Dyslexia Series-Disabled Legend William Yeats

William Butler Yeats pronounced /ˈjeɪts/; was born on 13 June, 1865 in Sandymount, County Dublin, Ireland and died on 28 January, 1939. William was an Irish poet and dramatist, and one of the foremost figures of 20th-century literature. A pillar of both the Irish and English literary establishments, in his later years Yeats served as an Irish Senator for two terms. William was a driving force behind the Irish Literary Revival, and together with Lady Gregory and Edward Martyn founded the Abbey Theatre, and served as its chief during its early years. In 1923, he was awarded a Nobel Prize in Literature for what the Nobel Committee described as “inspired poetry, which in a highly artistic form gives expression to the spirit of a whole nation;” and he was the first Irishman so honored. William is generally considered one of the few writers whose greatest works were completed after being awarded the Nobel Prize; such works include The Tower (1928) and The Winding Stair and Other Poems (1929).

William was born and educated in Dublin, but spent his childhood in Sligo. William studied poetry in his youth, and from an early age was fascinated by both Irish legends and the occult. Those topics feature in the first phase of his work, which lasted roughly until the turn of the century. William’s earliest volume of verse was published in 1889, and those slowly paced and lyrical poems display debts to Edmund Spenser and Percy Bysshe Shelley, as well as to the lyricism of the Pre-Raphaelite poets.

From 1900, William’s poetry grew more physical and realistic. William largely renounced the transcendental beliefs of his youth, though he remained preoccupied with physical and spiritual masks, as well as with cyclical theories of life. Over the years Yeats adopted many different ideological positions, including, in the words of the critic Michael Valdez Moses, “those of radical nationalist, classical liberal, reactionary conservative and millenarian nihilist”.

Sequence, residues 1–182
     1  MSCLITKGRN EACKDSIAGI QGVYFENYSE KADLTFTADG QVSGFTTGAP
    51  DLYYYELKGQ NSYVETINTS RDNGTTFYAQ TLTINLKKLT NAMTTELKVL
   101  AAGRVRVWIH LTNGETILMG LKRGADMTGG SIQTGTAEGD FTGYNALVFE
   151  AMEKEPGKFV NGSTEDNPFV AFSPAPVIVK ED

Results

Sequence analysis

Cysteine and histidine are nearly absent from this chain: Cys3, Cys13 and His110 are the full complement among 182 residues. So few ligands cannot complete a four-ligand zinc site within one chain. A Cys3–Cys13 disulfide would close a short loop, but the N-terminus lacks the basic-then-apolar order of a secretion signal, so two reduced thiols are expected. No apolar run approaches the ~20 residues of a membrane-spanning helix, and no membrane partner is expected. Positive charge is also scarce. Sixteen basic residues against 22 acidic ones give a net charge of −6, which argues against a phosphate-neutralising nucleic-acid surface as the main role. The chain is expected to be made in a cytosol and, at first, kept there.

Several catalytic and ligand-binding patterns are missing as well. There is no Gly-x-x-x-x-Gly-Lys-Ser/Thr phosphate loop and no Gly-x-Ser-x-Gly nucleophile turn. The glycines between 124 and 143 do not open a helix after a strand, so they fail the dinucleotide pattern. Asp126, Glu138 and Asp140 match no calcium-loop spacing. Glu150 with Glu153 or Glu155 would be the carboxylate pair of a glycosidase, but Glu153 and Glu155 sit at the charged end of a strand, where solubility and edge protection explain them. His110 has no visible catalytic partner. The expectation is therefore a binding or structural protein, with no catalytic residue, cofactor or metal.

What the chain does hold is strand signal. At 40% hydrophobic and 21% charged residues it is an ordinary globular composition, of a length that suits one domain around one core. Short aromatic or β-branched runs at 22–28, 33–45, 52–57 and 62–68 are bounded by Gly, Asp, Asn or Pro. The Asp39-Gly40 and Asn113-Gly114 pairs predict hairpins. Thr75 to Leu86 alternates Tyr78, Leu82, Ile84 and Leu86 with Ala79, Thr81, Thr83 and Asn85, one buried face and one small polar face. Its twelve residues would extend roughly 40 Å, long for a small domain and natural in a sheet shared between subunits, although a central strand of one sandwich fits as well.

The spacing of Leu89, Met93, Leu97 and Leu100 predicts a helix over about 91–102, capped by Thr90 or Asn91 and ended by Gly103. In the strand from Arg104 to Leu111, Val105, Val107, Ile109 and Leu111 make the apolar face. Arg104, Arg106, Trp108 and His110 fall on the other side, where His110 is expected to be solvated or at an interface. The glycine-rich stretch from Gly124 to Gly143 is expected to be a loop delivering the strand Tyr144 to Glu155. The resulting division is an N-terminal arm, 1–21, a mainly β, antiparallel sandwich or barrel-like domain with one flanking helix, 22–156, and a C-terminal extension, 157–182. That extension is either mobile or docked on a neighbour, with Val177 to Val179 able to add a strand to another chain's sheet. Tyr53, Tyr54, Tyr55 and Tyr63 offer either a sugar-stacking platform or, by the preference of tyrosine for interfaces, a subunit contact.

William’s father, John Butler Yeats, was a descendant of Jervis Yeats, a Williamite soldier and linen merchant who died in 1712. Jervis’ grandson Benjamin married Mary Butler, daughter of a landed family in County Kildare. At the time of his marriage, John Yeats was studying law, but abandoned his studies to study art at Heatherley’s Art School in London. William’s mother, Susan Mary Pollexfen, came from a wealthy Anglo-Irish family in County Sligo who owned a prosperous milling and shipping business. Soon after William’s birth the family relocated to Sligo to stay with her extended family, and the young poet came to think of the area as his childhood and spiritual home. Its landscape became, over time, both literally and symbolically, his “country of the heart”. The Butler Yeats family were highly artistic; his brother Jack went on to be a highly regarded painter, while his sisters Elizabeth and Susan—known to family and friends as Lollie and Lily—became involved in the Arts and Crafts movement.

William grew up as a member of the Protestant Ascendancy, at the time undergoing a crisis of identity. While his family was broadly supportive of the changes Ireland was experiencing, the nationalist revival of the late 19th century directly disadvantaged his heritage, and informed his outlook for the remainder of his life. In 1997, his biographer R. F. Foster observed that Napoleon’s dictum that to understand the man you have to know what was happening in the world when he was 20″is manifestly true of W.B.Y.” William’s childhood and young adulthood were shadowed by the power shift away from the minority Protestant Ascendency. The 1880s saw the rise of Parnell and the Home rule movement, the 1890s the momentum of nationalism, while the Fenians became prominent around the turn of the century. These developments were to have a profound effect on his poetry, and his subsequent explorations of Irish identity had a significant influence on the creation of his country’s biography.